EHS biology class opens outdoor classroom
The 10th-grade biology classes at the school opened their new outdoor classroom on Thursday, May 31.
“We’ve been working with these kids for a year now in a meaningful watershed education experience, so we basically taught them how to be riverkeepers. They tested nearby waters, they identified issues that were a problem in areas that need to be improved, and they proposed to completely renovate this outdoor classroom.” Elle Basset Riverkeeper
EASTON — When you walk through the courtyard at Easton High School, all you see now is a beautiful pond where students can sit and learn. The 10th-grade biology classes at the school opened their new outdoor classroom on Thursday, May 31.
“The biology classes of Easton High School were picking action projects for them to do to try to teach them more about environmental problems, and so my classes voted to take this area and make it into an outdoor classroom so that it can be more feasible space that people can use, rather then just a passing through of a courtyard,” said biology teacher Tracy Detrich. “We worked on planting more plants around the pond area and cleaning it up.”
Detrich’s class wanted the pond area to have more plants, received funding to get an outdoor whiteboard that is waterproof and built the benches in the courtyard, Detrich said.
“The last piece of it is we are going to advertise it to the rest of the school and set up a calendar so that other teachers can use it,” Detrich said.
Detrich thinks the making of the outdoor classroom helped the students who may not be the strongest academically to shine through in building it.
“I got to see a whole other side of students in that way,” she said.
Another reason the project was beneficial is that some of the students came together and worked as a team to figure out a plan.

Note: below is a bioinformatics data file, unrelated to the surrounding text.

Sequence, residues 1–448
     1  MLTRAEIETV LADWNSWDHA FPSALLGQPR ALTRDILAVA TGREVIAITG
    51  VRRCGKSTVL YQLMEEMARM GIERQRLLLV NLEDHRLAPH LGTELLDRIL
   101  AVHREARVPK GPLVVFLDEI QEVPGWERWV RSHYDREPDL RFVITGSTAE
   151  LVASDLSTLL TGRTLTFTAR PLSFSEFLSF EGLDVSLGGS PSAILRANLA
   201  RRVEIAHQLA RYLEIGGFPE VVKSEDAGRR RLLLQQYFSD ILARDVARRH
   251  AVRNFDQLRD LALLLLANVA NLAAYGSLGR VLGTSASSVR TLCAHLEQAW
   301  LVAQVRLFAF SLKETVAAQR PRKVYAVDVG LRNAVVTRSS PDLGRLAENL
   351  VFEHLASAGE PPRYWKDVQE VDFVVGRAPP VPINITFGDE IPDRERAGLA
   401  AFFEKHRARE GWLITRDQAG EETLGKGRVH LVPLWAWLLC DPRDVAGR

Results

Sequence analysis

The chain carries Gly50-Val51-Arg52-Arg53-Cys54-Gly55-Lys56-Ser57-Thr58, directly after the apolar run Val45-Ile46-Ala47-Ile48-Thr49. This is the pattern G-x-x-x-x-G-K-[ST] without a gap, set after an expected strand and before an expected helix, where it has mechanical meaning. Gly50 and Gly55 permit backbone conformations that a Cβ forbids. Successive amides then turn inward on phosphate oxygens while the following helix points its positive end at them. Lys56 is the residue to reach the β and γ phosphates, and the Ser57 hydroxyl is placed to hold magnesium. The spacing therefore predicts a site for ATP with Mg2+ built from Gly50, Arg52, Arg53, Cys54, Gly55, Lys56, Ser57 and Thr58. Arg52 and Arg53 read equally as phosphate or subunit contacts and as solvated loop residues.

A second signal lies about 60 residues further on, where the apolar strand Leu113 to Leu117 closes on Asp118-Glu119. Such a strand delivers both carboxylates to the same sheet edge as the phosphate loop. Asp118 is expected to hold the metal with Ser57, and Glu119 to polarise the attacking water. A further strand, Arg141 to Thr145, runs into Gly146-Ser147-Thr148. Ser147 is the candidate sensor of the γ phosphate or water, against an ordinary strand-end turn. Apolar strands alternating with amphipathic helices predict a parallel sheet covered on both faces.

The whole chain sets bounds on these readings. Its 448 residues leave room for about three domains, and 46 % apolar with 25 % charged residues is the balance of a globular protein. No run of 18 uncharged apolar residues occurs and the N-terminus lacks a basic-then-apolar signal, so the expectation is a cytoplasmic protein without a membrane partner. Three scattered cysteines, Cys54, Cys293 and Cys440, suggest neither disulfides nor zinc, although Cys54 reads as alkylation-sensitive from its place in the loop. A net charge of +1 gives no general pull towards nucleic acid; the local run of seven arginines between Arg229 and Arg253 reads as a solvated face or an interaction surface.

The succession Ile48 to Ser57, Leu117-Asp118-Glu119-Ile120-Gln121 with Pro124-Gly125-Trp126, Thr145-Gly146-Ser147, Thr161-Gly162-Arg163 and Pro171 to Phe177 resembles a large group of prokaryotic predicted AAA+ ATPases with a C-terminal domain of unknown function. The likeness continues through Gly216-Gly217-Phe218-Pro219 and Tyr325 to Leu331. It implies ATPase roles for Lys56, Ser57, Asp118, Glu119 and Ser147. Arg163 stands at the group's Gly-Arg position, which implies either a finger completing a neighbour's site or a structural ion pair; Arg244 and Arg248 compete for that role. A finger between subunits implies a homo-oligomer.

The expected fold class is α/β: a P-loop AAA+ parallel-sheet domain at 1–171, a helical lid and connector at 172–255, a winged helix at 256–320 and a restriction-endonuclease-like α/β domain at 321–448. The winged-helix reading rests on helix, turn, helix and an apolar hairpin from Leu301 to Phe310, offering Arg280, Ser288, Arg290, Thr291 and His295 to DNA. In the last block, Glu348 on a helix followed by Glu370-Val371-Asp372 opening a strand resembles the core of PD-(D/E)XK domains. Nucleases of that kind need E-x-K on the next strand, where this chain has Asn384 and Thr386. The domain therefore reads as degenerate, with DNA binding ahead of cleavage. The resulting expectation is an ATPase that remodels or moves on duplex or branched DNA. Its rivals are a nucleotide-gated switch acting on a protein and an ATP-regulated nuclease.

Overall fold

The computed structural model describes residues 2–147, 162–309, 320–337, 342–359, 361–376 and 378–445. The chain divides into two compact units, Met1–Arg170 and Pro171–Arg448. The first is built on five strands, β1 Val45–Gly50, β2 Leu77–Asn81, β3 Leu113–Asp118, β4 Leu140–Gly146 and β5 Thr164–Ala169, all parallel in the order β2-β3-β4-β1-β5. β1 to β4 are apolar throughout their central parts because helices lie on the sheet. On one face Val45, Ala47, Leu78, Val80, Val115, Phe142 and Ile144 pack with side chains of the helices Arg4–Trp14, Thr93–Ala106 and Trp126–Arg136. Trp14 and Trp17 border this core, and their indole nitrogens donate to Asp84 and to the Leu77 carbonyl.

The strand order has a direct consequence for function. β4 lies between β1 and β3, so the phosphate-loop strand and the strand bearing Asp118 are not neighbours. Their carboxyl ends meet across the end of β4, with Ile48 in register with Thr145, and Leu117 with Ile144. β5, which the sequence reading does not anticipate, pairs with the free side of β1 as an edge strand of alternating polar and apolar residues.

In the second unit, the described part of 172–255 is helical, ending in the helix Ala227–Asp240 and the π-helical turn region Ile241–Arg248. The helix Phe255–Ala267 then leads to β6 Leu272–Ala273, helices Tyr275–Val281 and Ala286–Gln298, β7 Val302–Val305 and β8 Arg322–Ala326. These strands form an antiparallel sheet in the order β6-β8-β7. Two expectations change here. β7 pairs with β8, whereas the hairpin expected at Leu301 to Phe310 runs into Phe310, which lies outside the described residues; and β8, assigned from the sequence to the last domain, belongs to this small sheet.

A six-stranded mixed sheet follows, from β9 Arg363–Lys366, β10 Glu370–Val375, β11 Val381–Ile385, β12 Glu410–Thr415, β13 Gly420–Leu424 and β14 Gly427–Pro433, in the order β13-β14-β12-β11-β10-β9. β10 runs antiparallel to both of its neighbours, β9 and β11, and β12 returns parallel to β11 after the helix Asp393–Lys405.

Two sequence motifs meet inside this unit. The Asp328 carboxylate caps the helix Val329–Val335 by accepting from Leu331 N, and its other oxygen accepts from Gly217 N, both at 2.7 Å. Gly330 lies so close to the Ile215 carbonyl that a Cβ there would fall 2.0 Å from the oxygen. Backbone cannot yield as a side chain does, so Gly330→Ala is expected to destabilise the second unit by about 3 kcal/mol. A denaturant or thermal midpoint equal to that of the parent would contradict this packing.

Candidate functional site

“I’m hoping all of the students in the school would be able to use it at some point,” Detrich said. “Some of my students did research and found statistics saying that is you have trees in your area, and if you are outside in nature, that you can have a higher retention rate of your content than sometimes in traditional classroom. So that was some of their backing in order to get the principal to approve their project.”
Elle Basset, who is a riverkeeper with Shore Rivers, helped the students on the project.
“We’ve been working with these kids for a year now in a meaningful watershed education experience, so we basically taught them how to be riverkeepers,” Basset said. “They tested nearby waters, they identified issues that were a problem in areas that need to be improved, and they proposed to completely renovate this outdoor classroom.”
Basset said she thinks the outdoor classroom education is beneficial.
“It changes students perspective, so the opportunity to have a space for even English and math to come outside and learn, it’s just another opportunity to get the students to reconnect to their outdoor environment instead of being trapped inside all the time,” she said.
The students think that having an outdoor classroom is beneficial, as well.
“I believe this will help us to get a more of an outside aspect for learning, and maybe for some people will benefit from learning outside instead of learning in a classroom,” said Marley, one of Detrcih’s 10th-grade students.
Tracy Detrich’s class was accompanied by Easton Mayor Robert C. Willey and Talbot County Public Schools Superintendent Kelly Griffith on Thursday, May 31, to open the new outdoor classroom at Easton High School.
Easton High School students built this pond as part of the new outdoor classroom.